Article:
Though agvocacy is one of the biggest buzzwords in the online ag community, it would appear it hasn’t gained the traction most would desire. If you follow a handful of vocal farmers on Twitter or are an agvocate yourself, it’s easy to start to feel overwhelmed with what many are calling ‘attacks’ on agriculture.
Have we not given agvocacy enough time? Is the content we’re sharing not worth following and taking notice? Are we “preaching to the choir” too much? The possibly over-used metaphor often accompanies a challenge to tweeters, bloggers and writers, industry and farmers alike to appeal to the public and “tell our story”.
But there is one problem. The public isn’t listening. You can write the greatest literary work in the world, but if no one reads it, what has been accomplished?
Some are quick to point out, “we” (a reference that somehow is meant to encompass all of the vast, diverse and unique facets of the agriculture industry into one group) don’t have the audience “they” (being anyone who might represent a different viewpoint) do.
First off, this is true. But “they” didn’t start with a million followers. They started with one or two, just like me and you, and the similarities don’t stop there.
In fact, they are are us – they worry about the health of their children. They see a better future for the environment around them. They seek the highest value return for their money, even that which is spent on food. They are deeply passionate about their cause, to the point of emotional attachment and are driven to do something about it. Their audience is even the same as ours.
So then, the question becomes, how did they develop this mass appeal and apparent influence and what are we doing wrong?
The simple answer is to say it’s fear mongering. I disagree with this, at least to the extent of explaining how these food bloggers got their start and developed a following. Fear mongering may aide the hype, but I don’t think it has staying power. Fears are confronted and subside with time.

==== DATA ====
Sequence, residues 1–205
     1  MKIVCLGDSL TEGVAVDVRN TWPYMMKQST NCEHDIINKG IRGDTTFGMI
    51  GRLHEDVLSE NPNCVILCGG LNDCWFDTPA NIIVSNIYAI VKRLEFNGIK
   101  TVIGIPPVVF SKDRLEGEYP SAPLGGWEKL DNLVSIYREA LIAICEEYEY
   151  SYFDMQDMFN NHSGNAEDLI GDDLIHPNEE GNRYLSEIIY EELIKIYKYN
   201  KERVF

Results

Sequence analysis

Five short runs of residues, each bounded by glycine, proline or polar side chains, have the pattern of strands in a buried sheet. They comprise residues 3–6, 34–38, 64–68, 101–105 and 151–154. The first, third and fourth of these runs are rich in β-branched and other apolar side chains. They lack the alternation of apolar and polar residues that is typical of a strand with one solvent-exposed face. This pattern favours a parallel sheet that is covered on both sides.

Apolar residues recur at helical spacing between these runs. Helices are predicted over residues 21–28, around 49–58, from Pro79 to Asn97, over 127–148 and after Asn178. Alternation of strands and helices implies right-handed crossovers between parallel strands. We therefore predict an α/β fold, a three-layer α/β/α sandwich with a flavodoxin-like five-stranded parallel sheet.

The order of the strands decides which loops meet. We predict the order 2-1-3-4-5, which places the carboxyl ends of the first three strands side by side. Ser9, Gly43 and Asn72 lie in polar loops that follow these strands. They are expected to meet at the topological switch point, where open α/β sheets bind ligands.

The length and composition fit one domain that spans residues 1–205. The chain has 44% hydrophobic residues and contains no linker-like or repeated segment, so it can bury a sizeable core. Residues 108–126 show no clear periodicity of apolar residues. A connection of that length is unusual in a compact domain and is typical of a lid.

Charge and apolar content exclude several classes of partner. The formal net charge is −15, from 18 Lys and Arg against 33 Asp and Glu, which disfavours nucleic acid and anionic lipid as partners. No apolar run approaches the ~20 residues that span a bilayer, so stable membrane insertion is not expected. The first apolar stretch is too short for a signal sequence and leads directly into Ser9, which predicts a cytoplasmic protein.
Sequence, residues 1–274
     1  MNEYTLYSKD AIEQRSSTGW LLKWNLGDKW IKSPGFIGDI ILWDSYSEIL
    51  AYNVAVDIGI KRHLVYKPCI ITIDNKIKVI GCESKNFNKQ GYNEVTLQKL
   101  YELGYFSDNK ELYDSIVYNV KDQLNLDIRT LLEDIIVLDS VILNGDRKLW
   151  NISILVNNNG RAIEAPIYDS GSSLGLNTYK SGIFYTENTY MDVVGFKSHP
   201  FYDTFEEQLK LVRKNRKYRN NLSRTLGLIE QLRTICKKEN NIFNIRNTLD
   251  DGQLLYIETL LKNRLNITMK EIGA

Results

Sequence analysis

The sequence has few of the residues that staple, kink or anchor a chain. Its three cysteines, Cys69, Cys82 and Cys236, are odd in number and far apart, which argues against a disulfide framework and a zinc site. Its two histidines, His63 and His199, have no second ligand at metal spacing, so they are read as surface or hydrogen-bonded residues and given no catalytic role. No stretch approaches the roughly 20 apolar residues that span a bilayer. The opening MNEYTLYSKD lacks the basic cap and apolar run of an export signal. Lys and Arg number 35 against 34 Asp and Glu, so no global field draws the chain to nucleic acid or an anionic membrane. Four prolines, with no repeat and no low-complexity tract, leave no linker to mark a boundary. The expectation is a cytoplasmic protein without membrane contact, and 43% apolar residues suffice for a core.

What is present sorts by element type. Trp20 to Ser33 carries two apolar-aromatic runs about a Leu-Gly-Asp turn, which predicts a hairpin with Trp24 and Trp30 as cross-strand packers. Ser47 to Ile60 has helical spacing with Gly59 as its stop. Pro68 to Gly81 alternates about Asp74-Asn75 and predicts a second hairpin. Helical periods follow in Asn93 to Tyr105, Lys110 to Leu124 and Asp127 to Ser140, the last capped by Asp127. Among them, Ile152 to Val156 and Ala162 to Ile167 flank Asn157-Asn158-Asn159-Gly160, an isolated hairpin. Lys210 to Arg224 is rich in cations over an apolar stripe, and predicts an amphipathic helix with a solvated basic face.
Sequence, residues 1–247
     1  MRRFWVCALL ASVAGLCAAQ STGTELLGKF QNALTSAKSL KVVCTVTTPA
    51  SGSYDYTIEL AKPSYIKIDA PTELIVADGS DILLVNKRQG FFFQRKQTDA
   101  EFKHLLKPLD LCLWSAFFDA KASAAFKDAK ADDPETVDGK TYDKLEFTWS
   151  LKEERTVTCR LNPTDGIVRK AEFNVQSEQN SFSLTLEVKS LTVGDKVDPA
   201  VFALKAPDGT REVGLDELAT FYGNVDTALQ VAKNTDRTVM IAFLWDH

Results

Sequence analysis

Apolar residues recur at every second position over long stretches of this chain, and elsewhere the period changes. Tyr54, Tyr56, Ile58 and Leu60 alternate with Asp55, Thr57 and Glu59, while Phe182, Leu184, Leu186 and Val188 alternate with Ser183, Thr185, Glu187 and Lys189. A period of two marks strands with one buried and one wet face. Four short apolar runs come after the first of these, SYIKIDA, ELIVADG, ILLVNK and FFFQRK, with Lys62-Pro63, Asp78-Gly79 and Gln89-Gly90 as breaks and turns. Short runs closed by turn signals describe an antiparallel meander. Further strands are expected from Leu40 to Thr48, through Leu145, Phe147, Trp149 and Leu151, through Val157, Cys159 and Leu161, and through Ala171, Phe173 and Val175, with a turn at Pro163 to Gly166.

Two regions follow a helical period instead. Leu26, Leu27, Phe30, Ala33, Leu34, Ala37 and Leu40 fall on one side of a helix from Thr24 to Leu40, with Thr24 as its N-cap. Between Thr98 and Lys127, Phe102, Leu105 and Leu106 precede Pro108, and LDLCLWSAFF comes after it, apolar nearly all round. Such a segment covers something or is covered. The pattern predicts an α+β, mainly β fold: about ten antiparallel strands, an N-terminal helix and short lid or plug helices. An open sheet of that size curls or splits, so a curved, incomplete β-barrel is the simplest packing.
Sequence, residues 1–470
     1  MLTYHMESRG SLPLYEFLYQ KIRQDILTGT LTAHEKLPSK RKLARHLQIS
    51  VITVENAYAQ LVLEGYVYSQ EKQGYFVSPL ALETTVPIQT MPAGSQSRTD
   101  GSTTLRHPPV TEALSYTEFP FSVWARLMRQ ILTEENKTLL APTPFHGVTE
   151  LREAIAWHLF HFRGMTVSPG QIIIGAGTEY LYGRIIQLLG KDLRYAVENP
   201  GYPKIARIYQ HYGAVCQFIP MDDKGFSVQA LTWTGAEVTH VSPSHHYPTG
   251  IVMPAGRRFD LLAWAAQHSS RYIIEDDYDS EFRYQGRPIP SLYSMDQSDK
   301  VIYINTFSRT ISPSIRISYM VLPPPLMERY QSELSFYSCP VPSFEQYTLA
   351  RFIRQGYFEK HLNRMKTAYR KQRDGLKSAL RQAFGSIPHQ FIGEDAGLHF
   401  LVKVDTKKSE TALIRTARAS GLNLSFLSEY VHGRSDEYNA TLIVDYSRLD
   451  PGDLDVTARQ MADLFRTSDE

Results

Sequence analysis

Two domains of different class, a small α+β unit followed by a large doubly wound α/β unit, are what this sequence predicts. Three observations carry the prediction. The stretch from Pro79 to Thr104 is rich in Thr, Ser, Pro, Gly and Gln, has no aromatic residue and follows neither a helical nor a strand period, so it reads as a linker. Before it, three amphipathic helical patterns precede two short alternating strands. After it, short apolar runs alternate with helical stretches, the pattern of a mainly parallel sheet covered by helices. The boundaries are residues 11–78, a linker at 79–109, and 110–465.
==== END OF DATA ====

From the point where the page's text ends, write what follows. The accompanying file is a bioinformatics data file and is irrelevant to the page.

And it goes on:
No, they simply understand the audience better than we do. They are part of it. They are the consumer and they don’t even have to try to appreciate the challenges, concerns, hopes and desires of the audience we so desperately try to target.
Our point of uniqueness is being a farmer, but our downfall is that we forget. We forget we are so unique, that while we are also consumers, we have a vantage 98% of consumers do not. Think like the ever-passionate and often-animated Crystal MacKay, Farm and Food Care Ontario Executive Director; “if you’ve ever used the word “teat” in a sentence, you’re not like them.”
We don’t need to do a better job explaining what we do. We are very good at that. Most people just don’t care. They don’t care because they can’t relate and understand why they should care (and ‘because we grow your food’, is unfortunately not reason enough). We need to do a better job understanding consumers.
Fortunately, this is pretty easy because they are everywhere! The challenge for most of us, myself included, is to stop agvocating long enough to hear what they have to say. Strike up conversations with people in the grocery story, “city friends” or the parents of your kids’ friends about what they’re purchasing and why. Then listen! Don’t interject or try to counter or persuade. God gave us two ears and one mouth for a reason! You’ll learn far more about what’s on their minds and be better prepared to tell a more meaningful story. Not suggesting it didn’t have meaning before, but ‘getting in the consumers’ head and removing that farmer bias is the only way we can start getting our message to the masses. Until then, we will only ever be preaching to the choir.